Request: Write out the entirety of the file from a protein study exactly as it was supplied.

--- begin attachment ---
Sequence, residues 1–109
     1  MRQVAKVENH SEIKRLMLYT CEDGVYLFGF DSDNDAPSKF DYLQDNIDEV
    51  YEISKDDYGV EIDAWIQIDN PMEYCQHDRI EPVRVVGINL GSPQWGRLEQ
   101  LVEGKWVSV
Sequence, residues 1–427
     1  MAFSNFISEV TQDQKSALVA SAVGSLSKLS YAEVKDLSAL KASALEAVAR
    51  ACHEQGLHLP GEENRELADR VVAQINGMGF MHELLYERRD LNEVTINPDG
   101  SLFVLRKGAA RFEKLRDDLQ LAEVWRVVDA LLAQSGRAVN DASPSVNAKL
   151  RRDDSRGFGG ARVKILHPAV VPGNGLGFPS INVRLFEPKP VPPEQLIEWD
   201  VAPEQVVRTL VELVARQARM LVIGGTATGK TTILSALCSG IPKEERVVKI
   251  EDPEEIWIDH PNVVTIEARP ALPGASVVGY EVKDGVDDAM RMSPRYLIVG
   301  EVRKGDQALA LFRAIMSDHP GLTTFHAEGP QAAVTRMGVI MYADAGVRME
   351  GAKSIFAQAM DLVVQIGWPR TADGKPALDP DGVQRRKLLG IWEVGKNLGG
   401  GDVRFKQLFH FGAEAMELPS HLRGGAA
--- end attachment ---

Sequence, residues 1–109
     1  MRQVAKVENH SEIKRLMLYT CEDGVYLFGF DSDNDAPSKF DYLQDNIDEV
    51  YEISKDDYGV EIDAWIQIDN PMEYCQHDRI EPVRVVGINL GSPQWGRLEQ
   101  LVEGKWVSV
Sequence, residues 1–427
     1  MAFSNFISEV TQDQKSALVA SAVGSLSKLS YAEVKDLSAL KASALEAVAR
    51  ACHEQGLHLP GEENRELADR VVAQINGMGF MHELLYERRD LNEVTINPDG
   101  SLFVLRKGAA RFEKLRDDLQ LAEVWRVVDA LLAQSGRAVN DASPSVNAKL
   151  RRDDSRGFGG ARVKILHPAV VPGNGLGFPS INVRLFEPKP VPPEQLIEWD
   201  VAPEQVVRTL VELVARQARM LVIGGTATGK TTILSALCSG IPKEERVVKI
   251  EDPEEIWIDH PNVVTIEARP ALPGASVVGY EVKDGVDDAM RMSPRYLIVG
   301  EVRKGDQALA LFRAIMSDHP GLTTFHAEGP QAAVTRMGVI MYADAGVRME
   351  GAKSIFAQAM DLVVQIGWPR TADGKPALDP DGVQRRKLLG IWEVGKNLGG
   401  GDVRFKQLFH FGAEAMELPS HLRGGAA